News • September 7, 2016
Castle Hill’s Andrew Saunders Quoted in HFM Week’s “Crisis Communications: IR in Troubled Times”
Crisis Communications: IR in troubled times
Communicating with investors when your firm is under pressure
By Michael Sheen
Article excerpted from HFM Investor Relations on 26 August 2016
It’s an essential responsibility of investor relations personnel to be prepared for any eventuality and have the processes in place to communicate effectively with investors.
“Asset management is a relationship business and in difficult times these relationships are tested,” says Andrew Frost, investment management solutions director at Laven Partners. “The risk is that if crises are not handled right then this can destroy the relationships built over time.”
Melanie Rijkenberg, an associate director at $10bn FoHF Paamco, says there’s no space for managers to hide in times of crisis.
“It’s extremely important to hear any relevant news from the manager, rather than from any other source. If it’s bad news it’s even more important to hear it directly,” she says. “It [becomes] a trust issue if you don’t and it can lead you to question the strength of the relationship if you have to read about it in the newspaper, for example.”
In order to maintain these relationships, crisis communications needs to happen immediately and across multiple channels. But the nature of the communications will differ, depending on the event.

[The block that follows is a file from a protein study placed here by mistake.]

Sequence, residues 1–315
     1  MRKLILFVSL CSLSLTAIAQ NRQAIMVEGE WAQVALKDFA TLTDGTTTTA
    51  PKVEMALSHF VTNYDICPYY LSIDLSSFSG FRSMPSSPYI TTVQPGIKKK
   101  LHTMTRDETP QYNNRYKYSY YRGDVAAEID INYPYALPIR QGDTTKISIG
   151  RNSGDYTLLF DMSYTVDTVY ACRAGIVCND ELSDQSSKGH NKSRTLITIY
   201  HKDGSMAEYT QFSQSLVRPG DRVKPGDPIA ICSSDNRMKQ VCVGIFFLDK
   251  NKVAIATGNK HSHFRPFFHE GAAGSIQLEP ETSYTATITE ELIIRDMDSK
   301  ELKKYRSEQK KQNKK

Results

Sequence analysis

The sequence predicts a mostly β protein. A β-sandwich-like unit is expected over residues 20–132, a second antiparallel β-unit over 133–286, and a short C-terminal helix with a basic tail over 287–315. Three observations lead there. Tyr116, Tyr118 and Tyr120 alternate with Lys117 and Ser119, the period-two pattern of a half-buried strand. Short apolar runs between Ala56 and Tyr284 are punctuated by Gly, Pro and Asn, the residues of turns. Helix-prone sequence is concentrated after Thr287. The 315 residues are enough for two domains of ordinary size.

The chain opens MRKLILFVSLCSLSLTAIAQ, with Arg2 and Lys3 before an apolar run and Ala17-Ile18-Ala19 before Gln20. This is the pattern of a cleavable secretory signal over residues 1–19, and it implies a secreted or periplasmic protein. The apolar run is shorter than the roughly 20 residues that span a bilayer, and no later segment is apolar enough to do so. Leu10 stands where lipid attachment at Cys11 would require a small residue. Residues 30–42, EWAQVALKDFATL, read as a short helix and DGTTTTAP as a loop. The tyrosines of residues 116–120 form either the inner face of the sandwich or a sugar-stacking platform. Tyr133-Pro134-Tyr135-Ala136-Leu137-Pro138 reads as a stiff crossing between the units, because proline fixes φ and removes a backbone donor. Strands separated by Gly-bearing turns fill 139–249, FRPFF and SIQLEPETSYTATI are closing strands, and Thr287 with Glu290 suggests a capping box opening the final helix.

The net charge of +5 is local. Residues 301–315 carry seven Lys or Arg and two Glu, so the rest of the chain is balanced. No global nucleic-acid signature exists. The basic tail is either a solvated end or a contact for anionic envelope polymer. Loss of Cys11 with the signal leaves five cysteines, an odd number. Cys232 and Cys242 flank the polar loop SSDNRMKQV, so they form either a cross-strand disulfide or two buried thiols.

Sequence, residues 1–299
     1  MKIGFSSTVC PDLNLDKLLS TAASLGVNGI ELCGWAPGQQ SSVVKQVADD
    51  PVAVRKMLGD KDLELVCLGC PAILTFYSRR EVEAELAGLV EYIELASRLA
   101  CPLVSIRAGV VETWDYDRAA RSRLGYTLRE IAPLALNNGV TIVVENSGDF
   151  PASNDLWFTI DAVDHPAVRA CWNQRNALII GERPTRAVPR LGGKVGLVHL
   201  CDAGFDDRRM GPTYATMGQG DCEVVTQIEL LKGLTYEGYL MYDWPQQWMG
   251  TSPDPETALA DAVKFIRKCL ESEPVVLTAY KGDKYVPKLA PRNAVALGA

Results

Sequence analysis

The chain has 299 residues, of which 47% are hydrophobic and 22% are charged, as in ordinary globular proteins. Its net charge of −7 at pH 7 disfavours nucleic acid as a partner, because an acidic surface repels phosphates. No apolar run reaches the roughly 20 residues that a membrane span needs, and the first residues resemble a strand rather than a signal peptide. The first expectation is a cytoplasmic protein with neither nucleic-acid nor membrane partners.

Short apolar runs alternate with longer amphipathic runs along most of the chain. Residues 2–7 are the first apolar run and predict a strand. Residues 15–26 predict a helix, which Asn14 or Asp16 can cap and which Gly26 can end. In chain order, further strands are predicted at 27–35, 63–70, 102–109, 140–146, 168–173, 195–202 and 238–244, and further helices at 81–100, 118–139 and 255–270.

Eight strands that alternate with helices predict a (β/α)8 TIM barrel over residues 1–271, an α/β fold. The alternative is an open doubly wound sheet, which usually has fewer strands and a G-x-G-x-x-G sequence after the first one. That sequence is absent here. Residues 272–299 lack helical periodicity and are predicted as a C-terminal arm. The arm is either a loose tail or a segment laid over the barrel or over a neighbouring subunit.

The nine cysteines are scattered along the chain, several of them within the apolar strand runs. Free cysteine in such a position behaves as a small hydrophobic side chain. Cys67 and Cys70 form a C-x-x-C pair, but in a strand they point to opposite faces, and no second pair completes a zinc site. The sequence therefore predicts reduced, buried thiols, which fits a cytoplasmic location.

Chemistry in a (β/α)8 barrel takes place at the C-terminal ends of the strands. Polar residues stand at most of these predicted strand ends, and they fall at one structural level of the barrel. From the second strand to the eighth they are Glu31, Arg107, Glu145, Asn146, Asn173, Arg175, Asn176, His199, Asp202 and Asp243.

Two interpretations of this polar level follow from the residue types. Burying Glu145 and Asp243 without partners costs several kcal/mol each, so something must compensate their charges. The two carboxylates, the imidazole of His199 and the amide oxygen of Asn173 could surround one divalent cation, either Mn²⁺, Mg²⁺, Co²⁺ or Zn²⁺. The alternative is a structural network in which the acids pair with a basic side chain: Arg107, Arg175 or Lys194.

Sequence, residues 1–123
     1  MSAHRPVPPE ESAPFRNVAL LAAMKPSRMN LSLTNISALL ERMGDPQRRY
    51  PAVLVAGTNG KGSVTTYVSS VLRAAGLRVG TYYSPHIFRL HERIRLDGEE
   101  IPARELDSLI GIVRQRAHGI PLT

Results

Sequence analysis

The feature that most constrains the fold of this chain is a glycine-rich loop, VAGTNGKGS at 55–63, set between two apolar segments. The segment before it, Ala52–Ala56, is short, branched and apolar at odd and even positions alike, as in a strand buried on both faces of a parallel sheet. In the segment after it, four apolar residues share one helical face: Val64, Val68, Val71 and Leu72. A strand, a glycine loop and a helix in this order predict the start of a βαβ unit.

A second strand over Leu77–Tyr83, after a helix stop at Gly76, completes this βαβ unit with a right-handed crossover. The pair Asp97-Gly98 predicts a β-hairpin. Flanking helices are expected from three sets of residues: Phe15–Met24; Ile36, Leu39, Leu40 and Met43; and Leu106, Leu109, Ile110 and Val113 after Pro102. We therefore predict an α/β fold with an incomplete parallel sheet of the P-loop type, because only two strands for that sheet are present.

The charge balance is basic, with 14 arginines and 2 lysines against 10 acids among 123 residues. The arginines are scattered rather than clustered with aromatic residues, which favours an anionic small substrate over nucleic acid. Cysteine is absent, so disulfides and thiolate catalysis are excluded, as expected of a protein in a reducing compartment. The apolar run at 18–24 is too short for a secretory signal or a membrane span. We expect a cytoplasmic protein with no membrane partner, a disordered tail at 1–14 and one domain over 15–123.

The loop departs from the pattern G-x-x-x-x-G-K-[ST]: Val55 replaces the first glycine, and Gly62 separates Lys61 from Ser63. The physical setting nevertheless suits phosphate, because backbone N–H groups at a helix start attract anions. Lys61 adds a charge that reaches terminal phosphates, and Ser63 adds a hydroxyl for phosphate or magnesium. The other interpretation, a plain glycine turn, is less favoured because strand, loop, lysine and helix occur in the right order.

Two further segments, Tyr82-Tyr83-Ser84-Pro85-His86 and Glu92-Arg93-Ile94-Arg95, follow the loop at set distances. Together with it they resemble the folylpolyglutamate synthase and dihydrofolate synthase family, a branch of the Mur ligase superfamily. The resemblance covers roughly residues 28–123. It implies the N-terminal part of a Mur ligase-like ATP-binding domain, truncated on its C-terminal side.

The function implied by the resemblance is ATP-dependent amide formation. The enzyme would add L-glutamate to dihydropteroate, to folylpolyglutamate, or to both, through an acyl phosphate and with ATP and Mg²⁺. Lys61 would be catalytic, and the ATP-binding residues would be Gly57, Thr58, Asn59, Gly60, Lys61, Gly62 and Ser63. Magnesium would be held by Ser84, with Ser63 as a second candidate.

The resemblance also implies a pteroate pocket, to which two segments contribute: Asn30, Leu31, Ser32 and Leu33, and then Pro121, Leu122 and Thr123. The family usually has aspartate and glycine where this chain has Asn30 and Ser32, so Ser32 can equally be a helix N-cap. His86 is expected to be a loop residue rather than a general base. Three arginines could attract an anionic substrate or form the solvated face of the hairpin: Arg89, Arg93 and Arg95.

Difficult conversations about performance are perhaps most familiar to IRs, but can be helped by ensuring investors are well informed about your strategy and understand why decisions which led to losses were made.
“It’s about fixing the roof while the sun is shining,” says Andrew Saunders, senior managing director of Castle Hill Capital. “When things go against you, you need to have evidence of being open and that you have considered that this was a possibility.”
Saunders says this should be done by keeping investors informed through monthly performance reports, quarterly letters directly discussing the portfolio and decision- making process, and regular conference calls.
Elissa Kluever, an Omni Partners managing director and partner who leads IR for the firm’s credit and lending funds, says expectations need to be managed before a bad month occurs.
“Poor performance [needs to be] within the realm of investors’ expectations, meaning you provided an indication to them of what a good and bad month looks like [for your strategy],” she says.
A London-based third-party marketer says that having strong past performance can also soften the blow of a bad month and hides “a myriad of sins”.
“If you’ve historically returned 25% to 30%, it can be different story to if you’ve been down for three months in an asset class where performance has been low for a couple of years,” he says.
The Bigger Picture
The impact on performance of large macro events, such as the UK’s vote to leave the EU in June, are harder to control.